1,000 percent: study ... care insured patients pay a percentage” of chargemaster prices, she said.

For-profit hospitals mark up prices by more than 1,000 percent ... Highlight

Jun 15, 2015 ... Of the 50 U.S. hospitals that mark
up prices the most, 49 of them are part of for- profit hospital chains, according to the study’s authors, Ge Bai of ...

Making (some) sense of hospital list prices - AEI Highlight

Apr 4, 2017 ... Hospital list prices – often called
“Chargemaster prices” – have become ... markup on Aspirin, it is tempting to regard hospital Chargemaster pricing as ... in the current market (“high priced” hospitals charge closer to 1000%).

Some Hospitals Marking Up Prices More Than 1,000 Percent - 2015 ... Highlight

Jun 8, 2015 ... The 50 hospitals in the U.S. with the
highest markup of prices over ... Many hospital patients don’t actually pay the “charge master” or full price.

50 hospitals with markups of around 1,000 percent - CBS News Highlight

Jun 8, 2015 ... A new study finds that compared to
costs that Medicare allows, some hospitals hav

6 posted on 05/11/2018 6:34:50 PM PDT by MarchonDC09122009 (When is our next march on DC? When have we had enough?)
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To: huckfillary

Price transparency is fundamental to addressing the root cause of the spiraling cost of healthcare. The other piece is the requirement that insurance payments can only be made directly to the named insured. No direct payments to doctors, hospitals, etc. Medical providers must provide actual itemized invoices (same as any other business) and payments must “flow through” the service recipient regardless of whether those payments are reimbursed by insurance.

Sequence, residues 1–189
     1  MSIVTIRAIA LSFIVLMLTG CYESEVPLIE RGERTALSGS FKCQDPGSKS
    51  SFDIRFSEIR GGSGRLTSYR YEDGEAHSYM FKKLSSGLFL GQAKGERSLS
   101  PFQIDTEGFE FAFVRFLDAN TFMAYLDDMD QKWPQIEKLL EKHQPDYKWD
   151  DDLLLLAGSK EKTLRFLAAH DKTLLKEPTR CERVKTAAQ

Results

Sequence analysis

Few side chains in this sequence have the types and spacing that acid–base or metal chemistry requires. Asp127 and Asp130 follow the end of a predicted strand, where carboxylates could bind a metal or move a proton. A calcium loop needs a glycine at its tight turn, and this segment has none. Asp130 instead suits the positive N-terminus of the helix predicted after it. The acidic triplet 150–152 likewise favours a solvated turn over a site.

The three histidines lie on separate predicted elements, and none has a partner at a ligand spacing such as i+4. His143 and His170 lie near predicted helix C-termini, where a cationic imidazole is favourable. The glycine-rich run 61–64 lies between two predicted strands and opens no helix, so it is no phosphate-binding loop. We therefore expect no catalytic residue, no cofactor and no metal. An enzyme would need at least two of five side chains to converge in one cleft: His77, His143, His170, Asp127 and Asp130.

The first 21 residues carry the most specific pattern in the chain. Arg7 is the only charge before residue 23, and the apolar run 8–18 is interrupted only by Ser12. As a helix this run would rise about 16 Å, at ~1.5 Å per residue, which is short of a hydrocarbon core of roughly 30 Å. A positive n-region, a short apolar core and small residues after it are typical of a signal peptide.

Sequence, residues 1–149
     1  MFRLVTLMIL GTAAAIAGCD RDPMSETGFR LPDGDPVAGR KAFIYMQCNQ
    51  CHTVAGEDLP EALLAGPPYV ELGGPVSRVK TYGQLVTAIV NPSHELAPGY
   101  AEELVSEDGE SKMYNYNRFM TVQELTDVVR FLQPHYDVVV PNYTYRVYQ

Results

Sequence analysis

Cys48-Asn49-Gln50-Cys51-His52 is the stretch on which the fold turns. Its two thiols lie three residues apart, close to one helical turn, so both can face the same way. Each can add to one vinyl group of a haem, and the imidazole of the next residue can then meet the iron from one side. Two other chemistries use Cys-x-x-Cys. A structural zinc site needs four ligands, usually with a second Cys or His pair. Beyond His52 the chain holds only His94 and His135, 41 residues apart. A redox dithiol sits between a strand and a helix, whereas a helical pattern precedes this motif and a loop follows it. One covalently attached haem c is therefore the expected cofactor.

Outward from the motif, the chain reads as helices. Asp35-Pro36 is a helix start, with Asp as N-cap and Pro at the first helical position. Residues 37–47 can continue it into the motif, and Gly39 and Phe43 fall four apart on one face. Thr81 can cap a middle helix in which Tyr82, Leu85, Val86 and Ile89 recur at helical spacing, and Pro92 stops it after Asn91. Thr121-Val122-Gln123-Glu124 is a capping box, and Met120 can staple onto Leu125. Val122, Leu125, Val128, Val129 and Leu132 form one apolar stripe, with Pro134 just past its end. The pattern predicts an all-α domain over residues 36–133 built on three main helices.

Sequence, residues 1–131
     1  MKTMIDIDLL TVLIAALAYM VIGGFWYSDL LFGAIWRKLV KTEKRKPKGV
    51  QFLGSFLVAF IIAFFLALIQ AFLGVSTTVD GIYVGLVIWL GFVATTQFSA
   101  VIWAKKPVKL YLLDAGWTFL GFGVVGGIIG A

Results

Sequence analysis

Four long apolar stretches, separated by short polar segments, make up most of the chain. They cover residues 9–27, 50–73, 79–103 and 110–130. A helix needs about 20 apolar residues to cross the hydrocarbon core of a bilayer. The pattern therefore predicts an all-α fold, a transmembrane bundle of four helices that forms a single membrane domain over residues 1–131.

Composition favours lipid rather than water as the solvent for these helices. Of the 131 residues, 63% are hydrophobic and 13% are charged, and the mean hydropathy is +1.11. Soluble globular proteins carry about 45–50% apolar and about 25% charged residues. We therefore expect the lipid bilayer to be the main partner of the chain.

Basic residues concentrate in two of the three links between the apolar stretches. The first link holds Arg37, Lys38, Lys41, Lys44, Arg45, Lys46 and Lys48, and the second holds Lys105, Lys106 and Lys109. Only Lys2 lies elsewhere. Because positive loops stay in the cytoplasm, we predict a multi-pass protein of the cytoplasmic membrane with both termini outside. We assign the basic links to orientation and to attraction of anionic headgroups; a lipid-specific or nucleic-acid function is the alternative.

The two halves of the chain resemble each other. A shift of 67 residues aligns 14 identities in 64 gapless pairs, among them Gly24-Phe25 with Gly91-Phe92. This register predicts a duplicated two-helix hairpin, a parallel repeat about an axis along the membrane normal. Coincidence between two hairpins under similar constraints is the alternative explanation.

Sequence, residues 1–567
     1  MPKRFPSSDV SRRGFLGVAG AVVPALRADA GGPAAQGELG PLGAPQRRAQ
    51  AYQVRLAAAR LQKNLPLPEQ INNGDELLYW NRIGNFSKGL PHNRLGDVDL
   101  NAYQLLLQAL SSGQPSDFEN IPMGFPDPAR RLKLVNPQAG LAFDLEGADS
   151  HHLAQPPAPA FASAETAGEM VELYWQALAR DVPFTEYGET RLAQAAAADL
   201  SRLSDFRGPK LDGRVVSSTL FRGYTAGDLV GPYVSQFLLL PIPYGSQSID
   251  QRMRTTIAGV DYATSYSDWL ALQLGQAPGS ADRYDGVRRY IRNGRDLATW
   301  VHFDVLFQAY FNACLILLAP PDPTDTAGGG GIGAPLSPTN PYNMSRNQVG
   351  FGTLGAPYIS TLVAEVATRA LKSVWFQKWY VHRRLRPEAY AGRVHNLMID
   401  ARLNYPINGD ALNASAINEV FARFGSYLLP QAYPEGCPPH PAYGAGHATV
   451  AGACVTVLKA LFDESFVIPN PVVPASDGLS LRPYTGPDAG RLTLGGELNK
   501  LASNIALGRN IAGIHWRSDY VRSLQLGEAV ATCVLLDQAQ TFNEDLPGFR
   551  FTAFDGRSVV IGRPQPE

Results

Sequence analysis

7 posted on 05/11/2018 6:37:47 PM PDT by AustinBill (consequence is what makes our choices real)
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To: huckfillary

Here are better ways to lower healthcare costs:

1.) Tort reform. Put a strict cap on these frivolous lawsuits.

2.) Crack down on the waste, fraud, and abuse in Medicare/Medicaid.

3.) Start informing people that they need to use the local “doc in a box” instead of the hospital ER for minor injuries and sniffles.

4.) Ask these illegals who flood our hospital ER’s as to what country they came from. That way the hospital or the federal government can bill mexico, guatamala, etc for the healthcare of THEIR citizens.

8 posted on 05/11/2018 6:41:22 PM PDT by 2CAVTrooper (Democrats... BETRAYING America since 1828.)